Teach Kids How to Write Haiku
Haiku is a form of poetry that began in Japan. Haiku uses the senses to describe scenes from nature, and often involves vivid images of trees, plants, seasons, and other elements of the natural world.
A haiku is comprised of three lines, and a total of 17 syllables, broken up into a five-seven-five rule:
five syllables on the first line
seven syllables on the second line
five syllables on the third line
Because haiku by design is a simple form of poetry, it is an excellent place for young writers to begin and hone their skills as budding poets. Educators can teach kids how to write haiku by following a few simple steps:
Explain what haiku is and how it is a brilliant way to express the beauty that is in nature.
Point out the five-seven-five rule regarding the syllable construction of haiku. Make sure that your students understand how to determine syllables in words, and review with them how to use a dictionary to find syllables when necessary.
To help students with syllables, have them clap the words of each line of a haiku, and count with each clap.
Have students write down potential subjects for their haiku. Because haiku describes the natural world, have them write a list of subjects, which can include animals, seasons, physical scenes, and more.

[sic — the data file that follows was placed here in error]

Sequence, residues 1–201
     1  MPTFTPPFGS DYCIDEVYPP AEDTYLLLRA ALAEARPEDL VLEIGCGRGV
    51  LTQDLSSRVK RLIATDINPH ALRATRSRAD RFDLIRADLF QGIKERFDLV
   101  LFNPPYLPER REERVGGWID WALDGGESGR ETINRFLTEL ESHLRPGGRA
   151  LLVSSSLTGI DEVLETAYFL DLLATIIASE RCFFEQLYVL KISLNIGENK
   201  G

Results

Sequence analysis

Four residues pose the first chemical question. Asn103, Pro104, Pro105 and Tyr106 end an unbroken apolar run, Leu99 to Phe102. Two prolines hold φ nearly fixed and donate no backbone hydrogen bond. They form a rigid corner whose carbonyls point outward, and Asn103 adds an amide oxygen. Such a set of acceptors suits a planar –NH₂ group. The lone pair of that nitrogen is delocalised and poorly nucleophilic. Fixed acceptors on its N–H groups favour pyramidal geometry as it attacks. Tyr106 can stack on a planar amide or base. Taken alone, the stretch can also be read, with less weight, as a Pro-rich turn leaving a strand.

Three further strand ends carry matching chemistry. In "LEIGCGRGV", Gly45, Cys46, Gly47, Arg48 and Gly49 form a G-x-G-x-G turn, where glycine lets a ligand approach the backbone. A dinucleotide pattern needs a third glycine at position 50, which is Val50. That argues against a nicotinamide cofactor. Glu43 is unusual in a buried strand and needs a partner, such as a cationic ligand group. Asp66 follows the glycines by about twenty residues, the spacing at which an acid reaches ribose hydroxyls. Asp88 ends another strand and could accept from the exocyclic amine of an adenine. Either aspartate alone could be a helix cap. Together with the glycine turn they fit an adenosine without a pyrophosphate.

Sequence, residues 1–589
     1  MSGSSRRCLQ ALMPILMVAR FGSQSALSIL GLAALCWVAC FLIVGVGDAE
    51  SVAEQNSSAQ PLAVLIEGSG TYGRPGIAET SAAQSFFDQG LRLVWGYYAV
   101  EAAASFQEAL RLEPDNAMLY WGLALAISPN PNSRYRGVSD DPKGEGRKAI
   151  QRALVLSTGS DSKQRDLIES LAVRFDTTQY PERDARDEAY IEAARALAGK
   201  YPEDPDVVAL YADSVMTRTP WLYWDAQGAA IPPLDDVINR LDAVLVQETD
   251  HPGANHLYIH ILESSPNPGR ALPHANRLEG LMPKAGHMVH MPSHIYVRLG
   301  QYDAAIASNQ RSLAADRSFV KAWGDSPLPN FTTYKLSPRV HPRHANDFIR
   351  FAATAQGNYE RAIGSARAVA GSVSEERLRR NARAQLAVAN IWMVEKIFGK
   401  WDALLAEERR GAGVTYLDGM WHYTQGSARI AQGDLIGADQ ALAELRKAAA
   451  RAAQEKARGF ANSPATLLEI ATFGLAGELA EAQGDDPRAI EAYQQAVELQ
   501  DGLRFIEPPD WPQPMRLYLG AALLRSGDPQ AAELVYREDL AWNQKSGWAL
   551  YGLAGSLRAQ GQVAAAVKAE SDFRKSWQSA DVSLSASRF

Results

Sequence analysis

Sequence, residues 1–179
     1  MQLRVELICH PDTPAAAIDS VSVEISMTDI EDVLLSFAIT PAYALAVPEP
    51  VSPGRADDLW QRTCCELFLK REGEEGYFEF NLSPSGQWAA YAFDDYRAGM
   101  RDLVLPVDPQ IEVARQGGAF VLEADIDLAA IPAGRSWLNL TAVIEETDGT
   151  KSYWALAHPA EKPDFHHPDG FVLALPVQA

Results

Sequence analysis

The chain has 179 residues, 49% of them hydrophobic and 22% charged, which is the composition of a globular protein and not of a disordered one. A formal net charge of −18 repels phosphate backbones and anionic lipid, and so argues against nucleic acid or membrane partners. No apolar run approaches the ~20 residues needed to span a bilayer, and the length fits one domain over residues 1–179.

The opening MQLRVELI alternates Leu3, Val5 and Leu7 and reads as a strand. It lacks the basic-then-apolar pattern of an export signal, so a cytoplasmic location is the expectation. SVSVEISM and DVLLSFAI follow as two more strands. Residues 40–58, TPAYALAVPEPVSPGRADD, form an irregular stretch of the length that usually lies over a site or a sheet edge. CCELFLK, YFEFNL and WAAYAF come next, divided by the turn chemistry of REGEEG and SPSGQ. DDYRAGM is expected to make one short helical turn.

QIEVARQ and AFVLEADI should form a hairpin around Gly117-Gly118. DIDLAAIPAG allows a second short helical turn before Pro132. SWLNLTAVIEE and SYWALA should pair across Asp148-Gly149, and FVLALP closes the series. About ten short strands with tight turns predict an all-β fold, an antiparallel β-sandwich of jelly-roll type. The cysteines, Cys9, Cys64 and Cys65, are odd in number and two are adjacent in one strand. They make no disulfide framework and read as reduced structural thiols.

Once your students have determined the subject and title for their haiku, have them begin writing lists of words that describe their subject. Of course not all of these terms will be utilized in their final poem, but a robust and descriptive list will give them a lot of words to choose from when drafting their haiku.
Have them begin with their first line of five syllables. Teach your kids to describe ideas, be as vivid as possible, rather than trying to construct sentences or complete thoughts.
As they proceed to their second, and longer line of seven syllables, your students will want to further the idea captured by the haiku. Remember to use ample praise and to guide them when they are stuck, offering suggestions for word usage.
When they finish their haiku with the third line of five syllables, remind them that this line can be one or two words, and again, that they should aim for simplicity.
Example of a Haiku
To have your students understand and appreciate haiku, you should share with them several examples of this form of poetry. Here is a sample haiku by acclaimed Japanese poet Basho:
An old silent pond...
A frog jumps into the pond, splash!
You can also share with your class haiku that you or previous students have written, and remind them of the simplicity and beauty of all haiku, regardless of its authoring.
To teach kids how to write haiku, try to use encouragement, rewards, and to capture their imagination throughout the process. You can do this by beautifully publishing their haiku, and having the student decorate the poem with scenes appropriate to their subject matter.
Here are a few ways that you can "publish" your students' decorated haiku poetry:
Have haiku mounted on construction paper and other decorative paper, and post it on a bulletin board in your school or classroom.
Create a booklet with all of your students' haiku and distribute it to your class for them to share with their parents and others.
Use haiku in cards or invitations for family members and others.
Teachers should be enthusiastic about haiku's beauty, and help students fall in love with this form of poetry.